Could Resins Help COB Achieve ‘Liftoff’ In Lower Miss?
The boomer generation well remembers the famous career advice given to a young Benjamin Braddock, played by Dustin Hoffman in his breakout role in The Graduate, by an industrialist friend of his parents: “one word: plastics.”
Could that word help lift container on barge (COB) from the realm of limited experiment and oft-touted promise to sustainable reality?
On November 30, U. S. Maritime Administrator Mark Buzby visited the Port of New Orleans and singled out for praise Seacor AMH’s COB service from Memphis to New Orleans, as detailed in last week’s Waterways Journal. The service moves excess empty containers from Memphis to Baton Rouge, where they are loaded mostly with resins and shipped overseas to Asia, Europe and South America. The resins form the basis for many manufactured products.
The Port of New Orleans foresees a demand for an additional 400,000 TEUs of resin exports moving out of the area between now and 2020. Richard Teubner, Seacor AMH’s president, said the company is already expanding to meet expected demand in South America.
One big reason for the optimistic projections emerged in August, when China announced that it will stop accepting 24 categories of imported trash for its recycling centers, including foreign plastic.
China is the world’s biggest recycling market. In 2016, it imported 7.3 million metric tons of waste plastics from developed countries including the U.K., the European Union, the U.S. and Japan. According to the Institute of Scrap Recycling Industries, a trade group, China accounted for 51 percent of the world’s plastic scrap imports last year, with the biggest contribution coming from the U.S. In 2016, the U.S. exported 1.42 million tons of scrap plastic, worth an estimated $495 million, to China.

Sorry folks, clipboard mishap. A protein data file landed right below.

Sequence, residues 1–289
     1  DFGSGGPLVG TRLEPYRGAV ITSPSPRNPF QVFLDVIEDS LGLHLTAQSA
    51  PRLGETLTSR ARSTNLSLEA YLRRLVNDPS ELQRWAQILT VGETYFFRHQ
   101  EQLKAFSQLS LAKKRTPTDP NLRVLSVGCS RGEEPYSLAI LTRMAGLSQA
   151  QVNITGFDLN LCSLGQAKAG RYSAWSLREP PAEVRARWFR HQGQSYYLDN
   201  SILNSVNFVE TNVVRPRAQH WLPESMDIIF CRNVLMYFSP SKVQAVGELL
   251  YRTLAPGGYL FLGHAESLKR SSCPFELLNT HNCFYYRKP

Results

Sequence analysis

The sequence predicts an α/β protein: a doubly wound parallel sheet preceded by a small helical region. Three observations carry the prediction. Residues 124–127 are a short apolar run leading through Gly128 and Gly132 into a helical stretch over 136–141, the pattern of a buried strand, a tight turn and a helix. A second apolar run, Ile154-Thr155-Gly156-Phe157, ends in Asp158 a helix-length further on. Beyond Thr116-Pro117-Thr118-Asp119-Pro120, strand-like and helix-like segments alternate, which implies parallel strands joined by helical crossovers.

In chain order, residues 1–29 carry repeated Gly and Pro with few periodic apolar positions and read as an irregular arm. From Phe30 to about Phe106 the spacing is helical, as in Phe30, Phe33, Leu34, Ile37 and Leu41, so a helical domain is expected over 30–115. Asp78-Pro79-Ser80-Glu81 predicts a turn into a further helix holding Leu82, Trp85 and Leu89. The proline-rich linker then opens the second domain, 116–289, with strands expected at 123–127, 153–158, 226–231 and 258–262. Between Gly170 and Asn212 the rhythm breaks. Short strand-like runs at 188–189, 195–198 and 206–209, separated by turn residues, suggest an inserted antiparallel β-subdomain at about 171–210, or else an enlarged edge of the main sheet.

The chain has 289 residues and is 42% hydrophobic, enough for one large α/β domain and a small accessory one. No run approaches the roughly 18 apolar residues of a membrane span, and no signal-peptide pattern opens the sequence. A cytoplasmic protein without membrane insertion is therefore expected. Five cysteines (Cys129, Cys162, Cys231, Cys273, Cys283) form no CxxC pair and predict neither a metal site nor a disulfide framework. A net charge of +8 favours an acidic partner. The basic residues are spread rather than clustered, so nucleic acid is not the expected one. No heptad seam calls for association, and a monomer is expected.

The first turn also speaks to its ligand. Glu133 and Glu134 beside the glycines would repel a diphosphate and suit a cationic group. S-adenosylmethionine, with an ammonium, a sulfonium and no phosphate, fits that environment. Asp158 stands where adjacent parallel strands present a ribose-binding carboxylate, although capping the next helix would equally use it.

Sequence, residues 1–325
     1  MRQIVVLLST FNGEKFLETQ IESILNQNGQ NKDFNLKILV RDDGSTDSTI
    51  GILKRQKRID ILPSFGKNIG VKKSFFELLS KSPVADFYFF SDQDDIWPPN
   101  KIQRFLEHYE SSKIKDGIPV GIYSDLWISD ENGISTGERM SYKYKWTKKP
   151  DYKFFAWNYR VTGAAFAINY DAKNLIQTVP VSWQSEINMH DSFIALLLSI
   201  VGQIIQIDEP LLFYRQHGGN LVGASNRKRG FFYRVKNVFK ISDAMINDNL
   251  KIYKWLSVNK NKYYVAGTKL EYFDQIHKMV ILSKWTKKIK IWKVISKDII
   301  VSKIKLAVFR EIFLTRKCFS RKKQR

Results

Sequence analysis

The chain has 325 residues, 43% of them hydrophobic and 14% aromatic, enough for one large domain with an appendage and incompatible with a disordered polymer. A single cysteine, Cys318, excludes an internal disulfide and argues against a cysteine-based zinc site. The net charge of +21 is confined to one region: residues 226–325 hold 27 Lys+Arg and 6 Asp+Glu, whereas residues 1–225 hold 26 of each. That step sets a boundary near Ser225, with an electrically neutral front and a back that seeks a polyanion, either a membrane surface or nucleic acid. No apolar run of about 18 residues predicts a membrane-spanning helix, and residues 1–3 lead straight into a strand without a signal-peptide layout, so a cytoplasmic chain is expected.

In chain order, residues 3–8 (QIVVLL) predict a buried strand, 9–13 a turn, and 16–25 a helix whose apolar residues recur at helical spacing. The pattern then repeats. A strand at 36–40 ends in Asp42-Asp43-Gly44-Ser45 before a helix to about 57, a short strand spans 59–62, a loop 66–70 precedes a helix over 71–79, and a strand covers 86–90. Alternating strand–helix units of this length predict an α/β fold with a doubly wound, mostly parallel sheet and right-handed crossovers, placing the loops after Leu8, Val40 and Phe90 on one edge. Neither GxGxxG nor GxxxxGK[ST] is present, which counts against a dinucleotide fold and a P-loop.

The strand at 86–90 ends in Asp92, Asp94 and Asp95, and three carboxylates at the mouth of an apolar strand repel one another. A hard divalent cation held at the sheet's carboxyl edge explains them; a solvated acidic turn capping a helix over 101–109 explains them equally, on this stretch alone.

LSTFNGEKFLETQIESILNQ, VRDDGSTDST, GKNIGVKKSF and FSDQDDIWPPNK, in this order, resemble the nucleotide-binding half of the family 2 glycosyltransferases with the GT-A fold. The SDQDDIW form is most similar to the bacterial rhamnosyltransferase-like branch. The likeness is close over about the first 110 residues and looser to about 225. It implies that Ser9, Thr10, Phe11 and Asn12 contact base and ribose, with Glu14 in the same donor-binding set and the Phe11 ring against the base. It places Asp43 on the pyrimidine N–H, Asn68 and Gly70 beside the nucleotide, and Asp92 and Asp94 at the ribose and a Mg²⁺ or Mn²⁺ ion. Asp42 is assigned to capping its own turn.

News of the import ban received lots of attention in the recycling world. According to a November 30 Morgan Stanley report cited by the business press, the China ban could shift up to 2 percent of global polyethylene plastics supply from recycled to new material.
This could be good news for Gulf Coast processors of natural gas, from which plastic resins come. It’s unlikely that domestic sources of trash from China’s growing middle class will provide enough plastic feedstock for its ever-growing demand for plastic products.
Taking advantage of the fracking revolution that has dramatically lowered the prices of U.S. natural gas, chemical producers have over the past few years invested an unprecedented $185 billion to build new capacity in the U.S., according to the American Chemistry Council. The United Sates is now the world’s cheapest producer of plastics.
American Patriot Holdings LLC is developing an intermodal container terminal in Plaquemines Parish that will be adjacent to a planned LNG liquefaction plant. It is also developing patented self-propelled COB vessels for the Illinois and Upper Mississippi rivers.
Logistics experts say the key to making COB truly sustainable for the long term is having one or more reliable cargo that will use a given COB route regularly. Many other types of cargoes besides resins can profitably use COB, including wood pellets, paper products and furniture parts.
Seacor’s COB shuttle service that began in 2015 on the Tennessee-Tombigbee Waterway moves about 250 containers per month between Mississippi’s Golden Triangle region (West Point-Starkville-Columbus) and APM’s container terminal in Mobile, Ala. Seacor imports fabric, specialized wood, gliders and pre-manufactured components to serve Mississippi’s furniture makers.
On the Lower Mississippi, the plastic resin market is where Seacor expects real expansion to take place, as Teubner noted in these pages (WJ, February 29, 2016). Could resins be the “anchor cargo” that will make COB truly sustainable? That depends on a lot of things, some of which are beyond the control of shippers and suppliers. But the possibility is encouraging enough to draw significant investment.